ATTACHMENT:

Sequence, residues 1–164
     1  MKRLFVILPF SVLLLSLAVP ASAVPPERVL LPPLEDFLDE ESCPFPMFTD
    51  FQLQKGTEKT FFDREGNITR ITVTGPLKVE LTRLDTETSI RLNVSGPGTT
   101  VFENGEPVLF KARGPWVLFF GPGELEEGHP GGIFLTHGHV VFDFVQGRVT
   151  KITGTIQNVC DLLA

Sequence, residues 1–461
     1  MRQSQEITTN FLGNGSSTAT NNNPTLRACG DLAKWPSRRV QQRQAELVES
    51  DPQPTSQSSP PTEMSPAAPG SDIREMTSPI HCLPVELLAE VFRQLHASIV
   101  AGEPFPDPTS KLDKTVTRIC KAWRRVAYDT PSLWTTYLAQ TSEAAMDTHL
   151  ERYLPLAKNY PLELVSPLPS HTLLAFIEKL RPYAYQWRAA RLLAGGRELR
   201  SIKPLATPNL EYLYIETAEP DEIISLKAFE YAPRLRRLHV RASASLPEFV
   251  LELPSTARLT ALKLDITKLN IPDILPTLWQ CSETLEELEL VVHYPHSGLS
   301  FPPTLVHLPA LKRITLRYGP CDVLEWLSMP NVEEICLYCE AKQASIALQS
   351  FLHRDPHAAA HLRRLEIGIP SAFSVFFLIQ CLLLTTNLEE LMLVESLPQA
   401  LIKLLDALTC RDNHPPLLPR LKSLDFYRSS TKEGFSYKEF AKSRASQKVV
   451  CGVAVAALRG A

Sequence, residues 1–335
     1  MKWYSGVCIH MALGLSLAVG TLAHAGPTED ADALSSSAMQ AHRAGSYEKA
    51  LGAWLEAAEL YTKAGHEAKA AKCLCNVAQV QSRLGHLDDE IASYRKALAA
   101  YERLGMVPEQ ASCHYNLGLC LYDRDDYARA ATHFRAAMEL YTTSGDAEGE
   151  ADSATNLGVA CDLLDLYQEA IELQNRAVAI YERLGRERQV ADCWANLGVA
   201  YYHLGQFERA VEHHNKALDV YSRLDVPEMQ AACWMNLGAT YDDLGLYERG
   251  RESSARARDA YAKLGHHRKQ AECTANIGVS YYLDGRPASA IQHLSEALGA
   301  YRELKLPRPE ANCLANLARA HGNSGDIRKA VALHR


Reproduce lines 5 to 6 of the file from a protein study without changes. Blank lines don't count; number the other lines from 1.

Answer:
   151  KITGTIQNVC DLLA

Sequence, residues 1–461